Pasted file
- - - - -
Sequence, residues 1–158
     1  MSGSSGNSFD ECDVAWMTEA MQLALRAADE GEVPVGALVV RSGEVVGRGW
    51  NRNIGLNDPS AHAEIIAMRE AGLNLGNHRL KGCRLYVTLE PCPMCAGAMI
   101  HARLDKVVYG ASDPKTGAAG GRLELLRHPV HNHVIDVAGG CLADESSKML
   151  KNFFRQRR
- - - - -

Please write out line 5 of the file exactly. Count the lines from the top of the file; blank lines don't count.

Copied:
   151  KNFFRQRR